And those daring enough to give it a shot, invariably end up bringing those they love along with them for a captivating ride of a lifetime, which then tends to perpetuate it. Accordingly, it would be more accurate to describe self-actualization as a theoretical concept that when put into practice, can lead to a journey of wondrous delight, instead of a final destination of anticipated nirvana.
While seeking self-actualization may be an individual undertaking, differing widely from one person to another, there are certain traits commonly observed or otherwise expected from those who are “self-actualized” in that they tend to be:
Accepting — Since they have come to accept their own shortcomings, they are similarly accepting of the shortcomings of others, and as a result they generally lack prejudice.
Altruistic — They can be unselfish to a fault, often focusing on resolving the problems of others in BEFORE attending to their own pressing needs.
Humored Easily— They have a well-developed sense of humor, as well as an uncanny ability to maintain perspective, often diffusing stressful situations with timely levity.
Independent — As they are highly focused in their pursuits, they can be fiercely independent, and often operate autonomously.
Introspective — They follow a regimen of critical introspection, especially after set-backs, enabling them to grow from such experiences, rather than be scarred by them.
Resolute — They tend to resist outside pressures, thereby enabling progress in their pursuits to continue unabated.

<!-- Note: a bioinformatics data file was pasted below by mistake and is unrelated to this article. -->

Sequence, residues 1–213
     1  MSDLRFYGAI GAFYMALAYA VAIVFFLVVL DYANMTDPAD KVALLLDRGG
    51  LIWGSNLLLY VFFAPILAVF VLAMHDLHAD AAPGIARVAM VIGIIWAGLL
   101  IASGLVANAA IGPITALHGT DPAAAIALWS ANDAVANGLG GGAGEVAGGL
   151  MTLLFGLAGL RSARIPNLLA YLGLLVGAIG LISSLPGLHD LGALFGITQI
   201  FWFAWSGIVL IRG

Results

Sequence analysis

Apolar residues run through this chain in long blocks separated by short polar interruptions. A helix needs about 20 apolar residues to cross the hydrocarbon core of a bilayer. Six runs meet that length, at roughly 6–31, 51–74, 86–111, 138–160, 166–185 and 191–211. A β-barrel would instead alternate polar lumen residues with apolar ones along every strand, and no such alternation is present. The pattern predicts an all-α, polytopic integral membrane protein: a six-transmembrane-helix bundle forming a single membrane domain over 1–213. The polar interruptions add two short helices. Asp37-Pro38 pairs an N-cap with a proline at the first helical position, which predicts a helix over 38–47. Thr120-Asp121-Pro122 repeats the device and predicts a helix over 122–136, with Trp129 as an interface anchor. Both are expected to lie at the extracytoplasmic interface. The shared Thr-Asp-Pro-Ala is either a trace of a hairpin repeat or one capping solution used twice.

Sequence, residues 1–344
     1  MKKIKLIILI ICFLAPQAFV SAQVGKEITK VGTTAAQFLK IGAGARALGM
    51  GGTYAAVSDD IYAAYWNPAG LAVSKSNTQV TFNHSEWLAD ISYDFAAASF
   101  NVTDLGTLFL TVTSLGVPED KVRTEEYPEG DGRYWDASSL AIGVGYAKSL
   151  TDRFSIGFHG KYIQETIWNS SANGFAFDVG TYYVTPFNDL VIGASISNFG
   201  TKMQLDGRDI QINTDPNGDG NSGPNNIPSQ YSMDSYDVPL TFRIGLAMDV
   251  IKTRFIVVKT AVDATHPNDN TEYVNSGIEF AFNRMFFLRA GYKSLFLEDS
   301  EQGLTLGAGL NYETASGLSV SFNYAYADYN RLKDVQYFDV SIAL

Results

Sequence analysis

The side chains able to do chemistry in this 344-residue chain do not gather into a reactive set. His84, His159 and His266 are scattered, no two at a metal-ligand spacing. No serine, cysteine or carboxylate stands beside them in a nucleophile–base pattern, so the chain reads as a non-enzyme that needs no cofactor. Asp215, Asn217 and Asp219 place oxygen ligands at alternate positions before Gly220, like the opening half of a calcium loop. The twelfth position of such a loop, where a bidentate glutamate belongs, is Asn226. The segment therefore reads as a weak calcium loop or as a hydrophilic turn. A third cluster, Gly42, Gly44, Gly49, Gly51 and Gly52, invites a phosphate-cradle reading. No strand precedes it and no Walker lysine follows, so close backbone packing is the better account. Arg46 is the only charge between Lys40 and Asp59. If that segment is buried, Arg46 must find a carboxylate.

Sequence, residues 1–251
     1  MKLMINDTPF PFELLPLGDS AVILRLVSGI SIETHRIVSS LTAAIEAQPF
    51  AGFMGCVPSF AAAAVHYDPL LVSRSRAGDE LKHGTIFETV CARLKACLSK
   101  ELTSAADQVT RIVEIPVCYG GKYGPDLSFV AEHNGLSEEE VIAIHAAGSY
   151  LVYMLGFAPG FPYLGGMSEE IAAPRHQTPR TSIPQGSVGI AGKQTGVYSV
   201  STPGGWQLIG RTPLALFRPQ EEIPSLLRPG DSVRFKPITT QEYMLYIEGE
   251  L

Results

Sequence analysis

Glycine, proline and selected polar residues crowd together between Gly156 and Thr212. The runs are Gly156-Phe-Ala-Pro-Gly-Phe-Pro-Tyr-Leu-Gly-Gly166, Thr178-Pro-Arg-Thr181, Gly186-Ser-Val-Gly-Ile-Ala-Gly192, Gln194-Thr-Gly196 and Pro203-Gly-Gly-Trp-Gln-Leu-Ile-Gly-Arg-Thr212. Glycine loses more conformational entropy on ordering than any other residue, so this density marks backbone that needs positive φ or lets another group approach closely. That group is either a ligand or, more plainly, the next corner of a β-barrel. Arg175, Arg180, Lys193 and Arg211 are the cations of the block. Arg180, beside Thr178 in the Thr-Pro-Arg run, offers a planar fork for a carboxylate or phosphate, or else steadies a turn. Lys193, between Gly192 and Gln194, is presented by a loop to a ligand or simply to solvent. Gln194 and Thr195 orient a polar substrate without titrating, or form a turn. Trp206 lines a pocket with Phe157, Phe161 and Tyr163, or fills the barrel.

Selective — Fewer friendships are formed; however, theirs are of substance, deeply resilient, steadfastly loyal, and as a result . . . long lasting.
Spontaneous — They are enormously creative and therefore able to swiftly adapt to change with almost effortless spontaneity.
Transcendent — Rather than “put up” with something they know to be wrong, they undertake meaningful action to ameliorate it in large scale, so as to help many others.
Which of These Qualities Do You Possess? Don’t be discouraged if few or none of them seem to describe you — for those who embark on the road to self-actualization and stick with it, not only end up changing their lives for the better, but undergo a metamorphosis themselves, eventually finding they have merely brought these once hidden traits to the forefront.
In addition to refining Dr. Goldstein’s concept of self-actualization (discussed above), Dr. Maslow introduced a framework of fundamental human needs (e.g., physiological, safety, social and esteem), that he described as prerequisites. He contended if there was an ongoing deficiency in meeting any of these needs, the quest for self-actualization would surely be futile.
Over the decade following his first article on the subject, Dr. Maslow conducted extensive empirical research studying “the healthiest 1% of the college population”, as well as the lives of “exemplary people” such as Albert Einstein and Frederick Douglass. He memorialized his findings in 1954, with the publishing of his book, Motivation and Personality.
Dr. Maslow called this framework a Hierarchy of Needs, portraying it as a pyramid with the largest and most fundamental human needs at the bottom and the need for self-actualization at the top — this is covered in the next section.